It’s been described as an “over-the-top gold lamé jacket”, but – I have to tell you – I am fiercely proud of mine. I’m referring to the coveted ‘Golden Jacket’, which you may have seen Trailblazers all over the world wear proudly.
But, how did I get mine? I’ve been asked countless times, so I thought I would tell my story. As there’s no official criteria on who is presented the golden garment, this is just my opinion.
Dreamforce 2018: we were worried what would happen if the camera’s flash went off!
It starts with going through 100 jobs in two years. No one believes me now, but it’s true. I had just quit university after one year and was searching for what to do with the rest of my life. I took the long way round (slightly painfully), but in the process, I got to meet many people, understand more about social conventions and good business practices. I also saw that there’s a choice of management styles available, with all the different impacts that can be made.
After a couple of years, I started to settle down and my employment stints lasted longer. I was a secretary, then an office manager, and finally an office and IT manager. I was where I wanted to be all along, or so I thought.
Then came my introduction to Salesforce in 2011. A friend asked me if I could help him out over a weekend as he had too much work coming in, and he showed me Salesforce. Within a month I had handed my notice in on my previous job. Now I realised my calling in life: to help people via the use of innovative technology. I quickly grew further as a person, finding meaning in what I was doing and putting all that non-IT experience to really good use.
An early Amsterdam User Group
But what next? Other people’s stories play a part. In 2014, I discovered the London Admin User Group (now a Community Group), where I and others could come and share our experiences, in a safe place, surrounded by those who understood and shared our passion. That was the headline – the other part was that I loved it but I did get frustrated by the last minute scheduling, so I asked the group leaders if I could help out. They welcomed me with open arms. Not only that, but as a bonus, I got mentoring chucked in for free. The group leaders took the time to explain what they did, and how and why they did it; I got to see the challenges they faced, and how they approached and solved them.
18 months later at the Amsterdam User Group
At the beginning of 2017, I arrived in Amsterdam and saw that there was fertile territory. There was no “official” group yet, so I found some like-minded individuals, partly by recommendation, partly with the help of Meetup and partly by luck, and we created our own group. We started off by taking what we thought would work for us from elsewhere, and then modified it, grew our own, and created a place where people could come and share their stories, and learn from each other. When others approached me, it was my time to pay it forward and encourage and support them in setting up their own groups elsewhere in the country (and beyond!).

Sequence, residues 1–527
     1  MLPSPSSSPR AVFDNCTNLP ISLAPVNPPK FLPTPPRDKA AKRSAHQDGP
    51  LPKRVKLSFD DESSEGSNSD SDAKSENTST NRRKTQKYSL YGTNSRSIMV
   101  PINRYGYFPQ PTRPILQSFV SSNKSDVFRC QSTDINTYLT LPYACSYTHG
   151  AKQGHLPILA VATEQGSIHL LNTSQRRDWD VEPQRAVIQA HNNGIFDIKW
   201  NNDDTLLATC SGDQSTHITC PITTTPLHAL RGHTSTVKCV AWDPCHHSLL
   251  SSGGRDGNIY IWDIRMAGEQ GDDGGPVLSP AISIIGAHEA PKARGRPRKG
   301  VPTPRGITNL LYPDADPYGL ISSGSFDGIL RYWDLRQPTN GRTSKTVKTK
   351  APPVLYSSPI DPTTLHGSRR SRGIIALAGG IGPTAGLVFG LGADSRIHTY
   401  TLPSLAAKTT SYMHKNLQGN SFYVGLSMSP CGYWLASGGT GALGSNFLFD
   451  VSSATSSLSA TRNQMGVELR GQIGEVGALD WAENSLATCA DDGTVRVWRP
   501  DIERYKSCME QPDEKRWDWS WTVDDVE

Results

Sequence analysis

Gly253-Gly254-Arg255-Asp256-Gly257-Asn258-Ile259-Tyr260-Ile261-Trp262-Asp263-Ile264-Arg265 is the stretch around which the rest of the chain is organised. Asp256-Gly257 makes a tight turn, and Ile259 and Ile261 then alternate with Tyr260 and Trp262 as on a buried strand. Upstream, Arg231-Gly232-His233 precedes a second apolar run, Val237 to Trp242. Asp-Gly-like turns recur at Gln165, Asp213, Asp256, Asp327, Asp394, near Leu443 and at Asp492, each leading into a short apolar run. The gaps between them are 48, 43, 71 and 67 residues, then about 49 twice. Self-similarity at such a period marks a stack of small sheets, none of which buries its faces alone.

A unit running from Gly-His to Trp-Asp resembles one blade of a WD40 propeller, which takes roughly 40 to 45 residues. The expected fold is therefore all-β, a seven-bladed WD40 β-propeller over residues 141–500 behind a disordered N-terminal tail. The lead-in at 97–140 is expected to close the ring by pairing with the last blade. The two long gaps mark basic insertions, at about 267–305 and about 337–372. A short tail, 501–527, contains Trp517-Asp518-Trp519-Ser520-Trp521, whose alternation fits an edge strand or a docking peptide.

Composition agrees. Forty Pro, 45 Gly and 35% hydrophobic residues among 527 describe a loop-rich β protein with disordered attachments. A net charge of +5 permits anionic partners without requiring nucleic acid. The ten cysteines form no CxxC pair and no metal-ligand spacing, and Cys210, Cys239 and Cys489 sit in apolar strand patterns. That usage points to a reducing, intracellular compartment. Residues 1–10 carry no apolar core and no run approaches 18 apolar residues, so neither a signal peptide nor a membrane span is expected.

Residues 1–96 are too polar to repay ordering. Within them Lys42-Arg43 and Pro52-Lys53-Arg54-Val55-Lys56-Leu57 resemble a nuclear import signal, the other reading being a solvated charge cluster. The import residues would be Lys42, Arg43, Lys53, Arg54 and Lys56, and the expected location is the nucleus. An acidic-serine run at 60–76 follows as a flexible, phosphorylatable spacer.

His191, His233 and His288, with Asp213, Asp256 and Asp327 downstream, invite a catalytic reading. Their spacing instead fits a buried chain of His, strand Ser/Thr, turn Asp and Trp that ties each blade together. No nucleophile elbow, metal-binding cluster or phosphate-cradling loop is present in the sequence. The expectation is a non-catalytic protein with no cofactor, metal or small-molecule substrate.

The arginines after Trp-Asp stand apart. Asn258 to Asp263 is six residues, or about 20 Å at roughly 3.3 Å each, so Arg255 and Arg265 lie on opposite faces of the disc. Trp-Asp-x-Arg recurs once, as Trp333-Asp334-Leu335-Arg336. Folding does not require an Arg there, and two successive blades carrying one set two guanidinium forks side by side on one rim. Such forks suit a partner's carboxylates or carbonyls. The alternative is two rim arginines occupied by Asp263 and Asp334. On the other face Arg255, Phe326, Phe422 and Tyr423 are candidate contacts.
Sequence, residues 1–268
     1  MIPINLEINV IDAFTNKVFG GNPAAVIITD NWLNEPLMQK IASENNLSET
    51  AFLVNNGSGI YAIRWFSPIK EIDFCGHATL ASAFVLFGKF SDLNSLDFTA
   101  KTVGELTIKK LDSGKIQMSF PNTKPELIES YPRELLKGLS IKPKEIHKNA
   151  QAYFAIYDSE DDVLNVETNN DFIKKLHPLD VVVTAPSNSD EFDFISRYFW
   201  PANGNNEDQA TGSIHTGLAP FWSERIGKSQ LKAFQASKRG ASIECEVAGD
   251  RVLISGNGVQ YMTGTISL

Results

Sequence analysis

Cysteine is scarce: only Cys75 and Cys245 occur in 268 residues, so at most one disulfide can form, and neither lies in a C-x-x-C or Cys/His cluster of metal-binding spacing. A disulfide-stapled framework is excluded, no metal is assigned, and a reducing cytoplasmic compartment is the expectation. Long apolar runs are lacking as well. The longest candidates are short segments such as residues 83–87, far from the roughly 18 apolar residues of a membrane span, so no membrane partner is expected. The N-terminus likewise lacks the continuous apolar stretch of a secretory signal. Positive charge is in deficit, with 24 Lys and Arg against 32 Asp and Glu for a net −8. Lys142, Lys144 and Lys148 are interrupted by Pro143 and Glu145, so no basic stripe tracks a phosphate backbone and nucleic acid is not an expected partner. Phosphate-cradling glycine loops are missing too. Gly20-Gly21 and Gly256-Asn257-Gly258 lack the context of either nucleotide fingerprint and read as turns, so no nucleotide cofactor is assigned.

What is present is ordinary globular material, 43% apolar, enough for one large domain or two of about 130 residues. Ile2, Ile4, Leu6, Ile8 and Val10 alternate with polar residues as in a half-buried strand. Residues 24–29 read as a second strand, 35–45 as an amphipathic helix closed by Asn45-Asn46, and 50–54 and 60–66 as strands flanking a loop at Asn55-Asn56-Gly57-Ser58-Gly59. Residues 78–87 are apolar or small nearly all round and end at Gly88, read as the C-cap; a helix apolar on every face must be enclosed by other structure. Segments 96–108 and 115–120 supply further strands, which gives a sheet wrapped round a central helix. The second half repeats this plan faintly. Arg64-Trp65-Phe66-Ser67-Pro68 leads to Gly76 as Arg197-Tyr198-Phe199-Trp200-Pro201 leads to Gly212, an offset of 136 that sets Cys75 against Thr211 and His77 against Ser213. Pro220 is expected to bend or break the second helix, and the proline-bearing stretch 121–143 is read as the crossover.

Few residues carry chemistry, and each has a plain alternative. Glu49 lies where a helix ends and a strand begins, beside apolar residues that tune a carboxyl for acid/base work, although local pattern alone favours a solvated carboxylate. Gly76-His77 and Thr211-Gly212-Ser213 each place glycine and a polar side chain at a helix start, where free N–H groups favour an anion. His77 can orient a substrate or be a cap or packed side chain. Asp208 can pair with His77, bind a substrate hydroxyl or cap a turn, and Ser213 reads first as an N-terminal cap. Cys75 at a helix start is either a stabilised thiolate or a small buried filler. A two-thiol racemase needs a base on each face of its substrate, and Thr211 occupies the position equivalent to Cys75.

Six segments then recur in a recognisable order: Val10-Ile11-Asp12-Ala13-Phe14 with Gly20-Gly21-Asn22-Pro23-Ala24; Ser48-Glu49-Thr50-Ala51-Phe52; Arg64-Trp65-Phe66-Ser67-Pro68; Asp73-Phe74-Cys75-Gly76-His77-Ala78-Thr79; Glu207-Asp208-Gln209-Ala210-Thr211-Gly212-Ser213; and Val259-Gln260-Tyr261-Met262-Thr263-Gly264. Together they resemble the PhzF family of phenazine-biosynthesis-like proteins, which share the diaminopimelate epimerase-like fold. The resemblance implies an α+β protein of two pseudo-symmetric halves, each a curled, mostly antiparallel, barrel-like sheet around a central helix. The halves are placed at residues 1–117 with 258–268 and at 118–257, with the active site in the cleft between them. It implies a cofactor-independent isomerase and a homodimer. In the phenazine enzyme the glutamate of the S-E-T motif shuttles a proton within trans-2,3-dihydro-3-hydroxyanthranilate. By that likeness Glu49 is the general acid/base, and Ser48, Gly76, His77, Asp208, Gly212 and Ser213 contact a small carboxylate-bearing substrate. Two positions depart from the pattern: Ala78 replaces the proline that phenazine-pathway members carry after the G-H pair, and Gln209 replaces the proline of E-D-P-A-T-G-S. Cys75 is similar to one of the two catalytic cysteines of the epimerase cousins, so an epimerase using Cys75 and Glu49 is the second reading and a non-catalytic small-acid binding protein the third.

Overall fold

So about that Hoodie?
At the Amsterdam World Tour 2018, I was awarded a Golden Hoodie, in recognition for my contribution to the Dutch Community. Did I get it because I planned for and wanted it? No. It was a thank you for acting for, and being passionate about, the wonderful Salesforce ecosystem (these days better explained as the “Ohana”).
So – the big question – can you aim for it and get it yourself? It’s given to those that inspire others. Only one is given out per World Tour, plus more at Dreamforce and TrailheaDX. Thinking beyond these natural geographical barriers though, last year, Alimali Stephen from Kenya was flown into Dreamforce to present him with his. #inclusivity (did I mention that the Impact of Unconcious Bias is my favourite Trailhead badge?)
There’s no exact mold although the golden thread is “to be doing well within your career and to be doing good within the community(/ies) you love” according to Salesforce’s Communities Team. Salesforce want to encourage you, and show that the possibilities are endless: this is why they refuse to define Golden Hoodie program. The limit is often lack of opportunity or confidence in our own abilities – here we all are shown what happens when we push through those barriers!
More to the point, if you:
- do the “right thing”
- pay it forward
- are generous with your knowledge
…then you’ll find your own reward (including a 100% guarantee of making new friends on route), and it may or may not come with a Golden Hoodie attached.
For what it’s worth, life doesn’t stop after receiving a Golden Hoodie. In fact, it made me even more passionate, and my belief in myself improved. But that’s another story, for another time!
Some further reading and inspiring Golden Hoodie stories:
Zac Otero – high-school dropout to Salesforce Administrator
Jurn Douwes Isema – video with his unscripted story
Heather Black – video all about the Salesforce Supermums program which she launched
Scott Luikart – fundraising page about his work helping LGBT homeless via Trailhead